Good Morton!

Hiking to Morton Peak Lookout in the San Bernardino Mountains

Hiking to Morton Peak Lookout in the San Bernardino Mountains

The greatest payoffs often come after the toughest challenges, so it’s no surprise that the panoramic views from Morton Peak Fire Lookout are some of the best in the San Bernardinos. To get there, you’ll need to endure a 5.25-mile (round-trip) grind that climbs 1,400 feet on an out-and-back fire road that offers little sun protection and lots of calf-burning ascents.

Park in the dirt lot at the trailhead just off Highway 38 and stretch those legs before hitting the dirt path, which wastes no time starting the uphill battle. The more you hike, the grander the views get, with Mill Creek below and San Bernardino Peak looming in the east.

You’ll pass under a couple of towering oaks, but you’ll mostly enjoy yucca, laurel sumac, sagebrush, and manzanita among other chaparral favorites. After a mile, you’ll reach a junction—take the gated route to the left and continue your switchbacking routine.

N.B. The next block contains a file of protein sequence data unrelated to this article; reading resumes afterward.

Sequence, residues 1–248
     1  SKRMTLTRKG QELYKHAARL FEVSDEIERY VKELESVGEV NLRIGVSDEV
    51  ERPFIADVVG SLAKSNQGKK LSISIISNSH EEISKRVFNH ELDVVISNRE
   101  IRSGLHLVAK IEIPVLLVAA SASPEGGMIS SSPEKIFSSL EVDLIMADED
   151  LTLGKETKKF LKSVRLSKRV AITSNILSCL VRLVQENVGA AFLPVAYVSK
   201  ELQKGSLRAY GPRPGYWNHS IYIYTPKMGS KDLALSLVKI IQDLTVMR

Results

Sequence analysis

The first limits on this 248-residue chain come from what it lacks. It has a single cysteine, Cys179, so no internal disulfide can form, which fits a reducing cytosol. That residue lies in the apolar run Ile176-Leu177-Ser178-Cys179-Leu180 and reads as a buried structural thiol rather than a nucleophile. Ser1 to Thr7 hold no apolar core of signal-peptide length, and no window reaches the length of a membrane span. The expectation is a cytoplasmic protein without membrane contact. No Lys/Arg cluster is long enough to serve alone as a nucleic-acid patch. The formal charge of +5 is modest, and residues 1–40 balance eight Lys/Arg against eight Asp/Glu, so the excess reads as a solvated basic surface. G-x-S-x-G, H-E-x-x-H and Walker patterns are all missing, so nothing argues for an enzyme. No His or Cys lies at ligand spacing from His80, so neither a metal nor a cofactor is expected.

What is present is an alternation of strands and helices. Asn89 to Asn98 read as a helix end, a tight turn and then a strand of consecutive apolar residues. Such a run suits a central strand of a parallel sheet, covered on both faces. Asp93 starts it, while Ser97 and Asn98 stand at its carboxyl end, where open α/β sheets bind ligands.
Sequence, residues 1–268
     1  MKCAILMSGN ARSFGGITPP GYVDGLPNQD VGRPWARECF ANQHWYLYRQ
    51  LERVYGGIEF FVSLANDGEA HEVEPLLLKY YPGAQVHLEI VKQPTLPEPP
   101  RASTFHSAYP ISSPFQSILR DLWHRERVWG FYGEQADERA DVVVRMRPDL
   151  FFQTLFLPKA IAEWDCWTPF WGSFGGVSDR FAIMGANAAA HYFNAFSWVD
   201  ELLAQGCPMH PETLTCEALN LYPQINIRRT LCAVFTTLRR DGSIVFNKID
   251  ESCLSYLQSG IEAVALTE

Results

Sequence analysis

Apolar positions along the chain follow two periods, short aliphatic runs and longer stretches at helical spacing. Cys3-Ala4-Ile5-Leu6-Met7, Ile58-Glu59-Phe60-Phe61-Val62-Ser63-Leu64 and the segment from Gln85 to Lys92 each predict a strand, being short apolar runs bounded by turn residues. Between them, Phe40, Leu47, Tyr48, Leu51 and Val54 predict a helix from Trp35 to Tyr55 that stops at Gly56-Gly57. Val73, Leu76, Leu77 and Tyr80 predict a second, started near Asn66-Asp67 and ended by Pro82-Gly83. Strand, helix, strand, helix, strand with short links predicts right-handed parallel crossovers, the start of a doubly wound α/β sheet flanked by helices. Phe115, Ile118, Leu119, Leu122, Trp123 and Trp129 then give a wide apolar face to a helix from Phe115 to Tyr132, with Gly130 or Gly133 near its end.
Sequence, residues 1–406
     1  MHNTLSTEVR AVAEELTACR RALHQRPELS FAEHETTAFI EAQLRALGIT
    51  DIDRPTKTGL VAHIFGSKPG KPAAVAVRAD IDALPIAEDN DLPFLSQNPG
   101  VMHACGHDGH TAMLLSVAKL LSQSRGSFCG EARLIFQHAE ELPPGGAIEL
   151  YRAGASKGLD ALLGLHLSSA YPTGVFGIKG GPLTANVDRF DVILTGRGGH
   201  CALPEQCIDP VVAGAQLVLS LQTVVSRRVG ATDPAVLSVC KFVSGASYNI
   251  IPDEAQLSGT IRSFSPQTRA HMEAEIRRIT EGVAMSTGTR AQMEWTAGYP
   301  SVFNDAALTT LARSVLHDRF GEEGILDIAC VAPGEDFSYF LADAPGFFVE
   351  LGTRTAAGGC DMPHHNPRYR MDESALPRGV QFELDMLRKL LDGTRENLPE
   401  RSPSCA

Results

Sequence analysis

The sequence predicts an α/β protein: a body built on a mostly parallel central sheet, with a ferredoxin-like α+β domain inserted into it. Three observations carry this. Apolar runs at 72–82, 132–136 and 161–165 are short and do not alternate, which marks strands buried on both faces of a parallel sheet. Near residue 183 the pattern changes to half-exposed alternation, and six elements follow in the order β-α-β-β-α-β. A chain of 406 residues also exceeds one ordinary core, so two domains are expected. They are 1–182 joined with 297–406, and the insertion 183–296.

At nearly two miles, the fire lookout comes into view as you ignore a narrow use trail (the Santa Ana River Trail) and curve around the southern side of the mountain. After the final stretch, you reach Morton Peak (4,619 feet) and the lookout, where you will most likely be its sole admirer, unless a volunteer is tending to the structure and doing observation duties.

The peak and tower are named after R. B. Morton, considered to be the first official member of the Redlands settlement in the late 1800s. Appropriately, you get an incredible view of the much-more-populated town, along with neighboring Yucaipa. You can also see the nearby San Gabriel and San Jacinto Ranges, as well as the Palomars to the south. Originally built in 1934, the current tower is a product of a 2001 refurbishment project.

After you’ve admired the vistas, enjoy a snack or lunch at a picnic table under the tower and two towering pine trees before the knee-busting descent to your car. Don’t forget the binoculars!


NOTE: Take the I-10 to the University St. exit in Redlands. Head north on University St. for a mile before turning right on CA-38. Continue 9 miles. The trailhead and dirt lot will be on your left. Bring plenty of your own water. Dog-friendly!

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